When Albert Einstein was 16 years old, he applied to the Swiss Federal Polytechnic school in Zurich, Switzerland. He did well on the math and physics portion, but he failed the general part of the exam. Knowing the hard stuff wasn’t enough to get him into college- that’s very much how the CPA exam is.

But, Einstein went on to apply a second time a year later, and he got in.

This little story about our favorite genius reminds me of the first time I took FAR. I spent most of my study time mastering the hardest FAR topics, because I assumed the test would be full of calculation-heavy questions on things like pensions, stock compensation, and dollar value LIFO.

Alas, on test day, I found out that while there were SOME of these hard questions, it was much more important to have a general understanding of all FAR topics… not just the hard stuff.

Related: Click here to reserve a spot on a free webinar about how to pass on your first try

The CPA Exams Are Hard…. Really Hard

Don’t get me wrong…. learning enough about each topic to actually pass FAR or REG is still incredibly tough. The amount of information you’re supposed to know is massive.

Even BEC and AUD are still very tough exams compared to the average test you took in college.

And there’s so much of it that you can study for two months, learn a shipload of new concepts, and then take a practice test and find out that you’ve forgotten everything you studied in the first month.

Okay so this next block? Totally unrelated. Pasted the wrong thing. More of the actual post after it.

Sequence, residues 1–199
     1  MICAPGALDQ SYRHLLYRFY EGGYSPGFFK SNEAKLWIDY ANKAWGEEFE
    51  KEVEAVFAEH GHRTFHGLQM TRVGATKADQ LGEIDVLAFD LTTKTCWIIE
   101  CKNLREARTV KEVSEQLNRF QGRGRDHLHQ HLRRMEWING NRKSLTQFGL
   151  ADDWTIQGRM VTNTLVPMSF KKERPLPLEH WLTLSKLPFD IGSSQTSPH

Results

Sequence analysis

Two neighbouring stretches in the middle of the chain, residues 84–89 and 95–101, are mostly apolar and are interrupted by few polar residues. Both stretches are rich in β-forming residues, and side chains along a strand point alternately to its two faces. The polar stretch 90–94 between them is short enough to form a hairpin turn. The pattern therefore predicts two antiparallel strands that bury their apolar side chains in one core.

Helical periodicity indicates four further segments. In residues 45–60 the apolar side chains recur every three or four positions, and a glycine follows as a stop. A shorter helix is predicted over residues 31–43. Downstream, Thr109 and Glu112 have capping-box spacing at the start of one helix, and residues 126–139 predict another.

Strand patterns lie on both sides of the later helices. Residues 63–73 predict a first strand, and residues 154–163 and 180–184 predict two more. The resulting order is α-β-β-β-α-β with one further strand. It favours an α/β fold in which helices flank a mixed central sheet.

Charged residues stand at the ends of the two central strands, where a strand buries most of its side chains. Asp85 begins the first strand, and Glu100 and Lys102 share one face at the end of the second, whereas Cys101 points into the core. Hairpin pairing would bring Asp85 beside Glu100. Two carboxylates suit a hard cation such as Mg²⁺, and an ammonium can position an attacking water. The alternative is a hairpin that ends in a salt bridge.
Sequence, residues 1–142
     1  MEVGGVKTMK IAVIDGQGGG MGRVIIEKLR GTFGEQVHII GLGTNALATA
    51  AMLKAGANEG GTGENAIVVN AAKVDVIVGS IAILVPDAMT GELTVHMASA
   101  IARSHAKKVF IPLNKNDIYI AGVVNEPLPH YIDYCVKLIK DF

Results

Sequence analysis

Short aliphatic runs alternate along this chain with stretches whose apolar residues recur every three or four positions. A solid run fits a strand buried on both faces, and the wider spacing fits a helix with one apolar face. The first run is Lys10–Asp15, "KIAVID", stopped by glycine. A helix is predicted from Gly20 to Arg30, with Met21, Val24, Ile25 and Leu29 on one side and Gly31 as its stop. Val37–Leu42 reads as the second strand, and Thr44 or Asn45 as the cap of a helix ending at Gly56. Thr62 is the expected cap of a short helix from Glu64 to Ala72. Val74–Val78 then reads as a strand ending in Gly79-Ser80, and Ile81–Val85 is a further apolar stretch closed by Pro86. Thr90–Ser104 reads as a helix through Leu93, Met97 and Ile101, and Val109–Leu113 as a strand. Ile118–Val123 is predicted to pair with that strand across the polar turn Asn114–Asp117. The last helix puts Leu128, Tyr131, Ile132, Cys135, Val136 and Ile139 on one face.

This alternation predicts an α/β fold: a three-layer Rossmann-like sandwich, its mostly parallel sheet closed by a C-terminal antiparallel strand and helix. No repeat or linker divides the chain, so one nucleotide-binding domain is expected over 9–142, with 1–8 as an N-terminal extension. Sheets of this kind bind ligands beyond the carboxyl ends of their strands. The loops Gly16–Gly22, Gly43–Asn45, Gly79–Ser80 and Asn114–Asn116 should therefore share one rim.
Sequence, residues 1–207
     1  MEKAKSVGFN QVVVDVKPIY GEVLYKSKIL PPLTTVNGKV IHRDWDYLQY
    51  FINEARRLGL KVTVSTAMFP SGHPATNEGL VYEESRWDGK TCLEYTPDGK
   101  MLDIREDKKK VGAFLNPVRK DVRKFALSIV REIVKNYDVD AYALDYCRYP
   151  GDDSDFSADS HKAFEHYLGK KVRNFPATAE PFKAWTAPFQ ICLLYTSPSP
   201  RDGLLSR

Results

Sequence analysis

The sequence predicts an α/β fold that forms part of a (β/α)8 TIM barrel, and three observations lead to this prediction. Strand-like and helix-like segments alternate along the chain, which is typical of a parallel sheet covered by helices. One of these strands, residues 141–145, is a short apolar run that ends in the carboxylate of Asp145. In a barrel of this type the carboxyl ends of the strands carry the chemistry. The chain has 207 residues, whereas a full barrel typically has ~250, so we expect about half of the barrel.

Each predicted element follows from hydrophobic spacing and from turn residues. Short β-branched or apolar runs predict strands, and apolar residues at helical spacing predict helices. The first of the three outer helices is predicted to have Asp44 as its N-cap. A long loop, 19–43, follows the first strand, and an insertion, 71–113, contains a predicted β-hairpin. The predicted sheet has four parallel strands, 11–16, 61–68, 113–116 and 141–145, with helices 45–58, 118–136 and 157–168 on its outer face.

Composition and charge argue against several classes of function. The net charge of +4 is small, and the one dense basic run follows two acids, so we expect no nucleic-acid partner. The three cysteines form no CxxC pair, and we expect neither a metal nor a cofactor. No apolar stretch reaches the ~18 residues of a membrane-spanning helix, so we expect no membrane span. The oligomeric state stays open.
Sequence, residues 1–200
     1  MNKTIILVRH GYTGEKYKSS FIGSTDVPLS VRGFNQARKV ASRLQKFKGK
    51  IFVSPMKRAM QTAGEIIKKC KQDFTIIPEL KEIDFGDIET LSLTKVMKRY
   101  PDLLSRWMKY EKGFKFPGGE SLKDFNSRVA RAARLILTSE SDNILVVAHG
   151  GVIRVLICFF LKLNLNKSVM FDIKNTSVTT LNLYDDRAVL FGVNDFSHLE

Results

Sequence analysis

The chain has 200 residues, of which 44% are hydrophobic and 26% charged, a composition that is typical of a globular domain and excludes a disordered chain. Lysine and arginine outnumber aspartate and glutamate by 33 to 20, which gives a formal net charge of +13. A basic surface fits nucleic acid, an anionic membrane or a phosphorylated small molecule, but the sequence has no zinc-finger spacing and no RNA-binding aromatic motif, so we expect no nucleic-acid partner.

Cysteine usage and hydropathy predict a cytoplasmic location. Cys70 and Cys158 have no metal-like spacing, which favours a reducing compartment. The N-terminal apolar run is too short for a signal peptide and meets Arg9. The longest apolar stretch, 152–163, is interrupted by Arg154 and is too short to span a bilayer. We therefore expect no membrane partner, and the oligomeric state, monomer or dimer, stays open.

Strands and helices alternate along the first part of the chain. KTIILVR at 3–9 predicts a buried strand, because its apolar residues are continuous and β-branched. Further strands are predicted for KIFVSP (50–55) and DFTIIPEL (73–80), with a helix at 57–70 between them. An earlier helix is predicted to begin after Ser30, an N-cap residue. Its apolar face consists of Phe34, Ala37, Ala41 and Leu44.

It seems a lot like shoveling poo… except with a spoon.

I’ve personally seen at least 10 people start in public accounting with the idea of making it a career, only to leave 2 years later because they can’t pass the CPA exams.

I also know people who have been trying to pass them for years. YEARS…. that is a terrible thought.

And some of them I know for a fact are smarter than me- there’s something about taking the tests that gets them.

Now, after that first failed attempt and learning what I had done wrong, I went on to pass all four sections within 3 months of each other. 3 months total.

I’m not trying to brag- I just believe I stumbled onto a better way of studying.

From my own experience and now from helping thousands of other CPA candidates through the process, I’ve identified three major mistakes that almost everyone makes while studying for the CPA exams: